​In light of the growing number of challenges facing democracy in various parts of the world in recent years, Stellenbosch University (SU) recently established the Centre for Research on Democracy (CREDO), which is housed in the Department of Political Science.

CREDO emerged from the work of the Department’s former Transformation Research Unit (TRU). “We used to focus almost exclusively on democracy research, which resulted in a globally acknowledged record of comparative study on democracy across all cultural regions,” explains former TRU director Prof Ursula van Beek, who is now at the helm of CREDO. “Our ambition is to build on this legacy, continue our high-quality research, while building a national centre for the study of the major challenges facing democracy in South Africa, the region and the rest of the world.”

Not wasting time

CREDO started operating in December 2021 only, and its structures are still being put in place. Yet the fledgling centre is off to a good start, having already collaborated internationally. Earlier this year it co-hosted an online discussion along with the United Nations Institute for Training and Research (UNITAR) and Istanbul’s Centre for Local Authorities and Local Actors (CIFAL) to mark the World Day of Social Justice.

“The aim was to discuss challenges to social justice in the post-pandemic world, as well as potential strategies that might help us overcome them,” says Van Beek. “More specifically, questions were raised on how to empower social institutions to contribute to personal and social development, and how to encourage participation for ‘all’ to make their voices heard at government level.”

Other CREDO webinars will focus more specifically on democracy and, in particular, the challenges it encounters in various countries. Issues to be tackled include political and social polarisation, inequality, corruption and climate change. “The objective is to interrogate the roots of these factors, as well as their effect on citizens’ political culture and behaviour, which, in turn, determines the stability or weakness of democracy and its institutions,” says Van Beek.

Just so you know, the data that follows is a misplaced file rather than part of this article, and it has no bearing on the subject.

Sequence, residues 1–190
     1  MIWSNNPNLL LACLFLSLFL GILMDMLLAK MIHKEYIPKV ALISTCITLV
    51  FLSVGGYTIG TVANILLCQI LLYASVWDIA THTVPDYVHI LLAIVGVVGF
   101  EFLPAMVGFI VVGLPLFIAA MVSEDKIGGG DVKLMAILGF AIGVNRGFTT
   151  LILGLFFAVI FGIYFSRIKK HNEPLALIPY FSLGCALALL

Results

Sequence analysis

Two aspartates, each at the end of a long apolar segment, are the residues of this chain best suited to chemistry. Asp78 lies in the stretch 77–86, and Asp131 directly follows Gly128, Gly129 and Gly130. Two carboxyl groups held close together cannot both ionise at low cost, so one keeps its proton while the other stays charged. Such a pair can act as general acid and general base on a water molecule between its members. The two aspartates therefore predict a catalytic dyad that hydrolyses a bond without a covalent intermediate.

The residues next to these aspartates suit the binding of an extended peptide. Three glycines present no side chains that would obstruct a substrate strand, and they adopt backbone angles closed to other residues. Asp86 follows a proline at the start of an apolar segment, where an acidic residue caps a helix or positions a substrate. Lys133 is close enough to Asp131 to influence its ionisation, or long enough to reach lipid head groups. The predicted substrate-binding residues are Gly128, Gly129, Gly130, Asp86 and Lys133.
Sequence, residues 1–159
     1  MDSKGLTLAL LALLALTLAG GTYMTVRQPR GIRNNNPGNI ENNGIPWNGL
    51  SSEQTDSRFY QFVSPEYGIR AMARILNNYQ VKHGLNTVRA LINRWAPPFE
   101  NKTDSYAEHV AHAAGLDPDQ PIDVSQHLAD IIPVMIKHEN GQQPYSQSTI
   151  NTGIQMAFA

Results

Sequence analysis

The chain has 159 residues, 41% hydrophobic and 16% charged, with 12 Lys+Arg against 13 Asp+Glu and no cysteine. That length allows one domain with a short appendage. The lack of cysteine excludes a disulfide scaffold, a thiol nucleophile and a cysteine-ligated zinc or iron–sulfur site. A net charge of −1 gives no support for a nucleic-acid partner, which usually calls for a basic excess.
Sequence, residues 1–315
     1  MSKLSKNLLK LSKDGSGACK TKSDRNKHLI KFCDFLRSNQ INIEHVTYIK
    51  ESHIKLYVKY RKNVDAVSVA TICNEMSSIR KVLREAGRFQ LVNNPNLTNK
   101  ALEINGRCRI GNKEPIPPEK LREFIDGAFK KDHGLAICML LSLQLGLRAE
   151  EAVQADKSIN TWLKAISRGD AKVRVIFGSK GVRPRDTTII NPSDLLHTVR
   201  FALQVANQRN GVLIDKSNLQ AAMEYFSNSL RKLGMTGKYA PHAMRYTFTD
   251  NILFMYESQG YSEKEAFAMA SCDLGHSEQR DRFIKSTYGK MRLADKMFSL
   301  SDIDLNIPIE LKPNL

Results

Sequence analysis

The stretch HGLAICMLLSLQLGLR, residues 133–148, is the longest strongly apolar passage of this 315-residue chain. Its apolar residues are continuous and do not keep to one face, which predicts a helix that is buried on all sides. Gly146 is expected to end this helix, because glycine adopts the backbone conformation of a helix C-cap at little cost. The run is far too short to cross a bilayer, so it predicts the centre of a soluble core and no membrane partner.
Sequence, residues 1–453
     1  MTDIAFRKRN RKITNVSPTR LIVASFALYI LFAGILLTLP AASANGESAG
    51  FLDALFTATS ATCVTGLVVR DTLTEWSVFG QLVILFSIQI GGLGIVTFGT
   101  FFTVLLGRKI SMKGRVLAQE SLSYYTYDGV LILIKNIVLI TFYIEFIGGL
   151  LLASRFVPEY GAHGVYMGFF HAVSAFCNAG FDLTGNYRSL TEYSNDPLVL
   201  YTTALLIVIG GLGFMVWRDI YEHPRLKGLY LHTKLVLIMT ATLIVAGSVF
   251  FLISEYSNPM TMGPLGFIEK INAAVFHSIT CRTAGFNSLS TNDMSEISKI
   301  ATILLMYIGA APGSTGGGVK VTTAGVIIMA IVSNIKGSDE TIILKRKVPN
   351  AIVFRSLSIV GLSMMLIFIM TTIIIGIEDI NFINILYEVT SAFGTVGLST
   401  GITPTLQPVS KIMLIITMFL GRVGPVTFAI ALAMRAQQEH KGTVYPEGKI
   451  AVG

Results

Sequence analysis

CREDO’s first research project is already under way, focusing on rising societal and political polarisation in a number of countries as well as in the broader international arena. The project will culminate in a collection of articles to be published in a special issue of the Taiwan Journal of Democracy in July.

Close-knit team 

A major benefit is that team members who were previously involved in TRU will continue to play a role in CREDO. “Most of our team members have been together for over 20 years,” says Van Beek. “We started off as an informal group of researchers interested in studying democracy around the world.”

These include researchers from a number of prestigious institutions such as Oxford University, Berlin’s Social Science Centre, Bahçeşehir University in Turkey, and Sam Houston State University in the United States. “Our team is cross-disciplinary, so although we primarily have political scientists, we also have historians, economists and sociologists,” she says.

According to Van Beek, CREDO aspires to become an agendasetter by exploring problems confronting democracy as they arise and contributing to the existing body of theoretical knowledge in the process. To this end, they combine qualitative and quantitative research methods.

“The qualitative approach helps us understand the history and culture of a given society, which can explain the society’s institutional organisation and the values and motivations of its people. The quantitative method, in turn, investigates political and social phenomena by gathering new or using existing data, and then performing statistical and computational analyses of the data to help us uncover patterns.”

In this way, the Centre hopes to position itself as a thought leader in the global south, offering unparalleled expertise in the field of democracy to both the academic community and the broader public.

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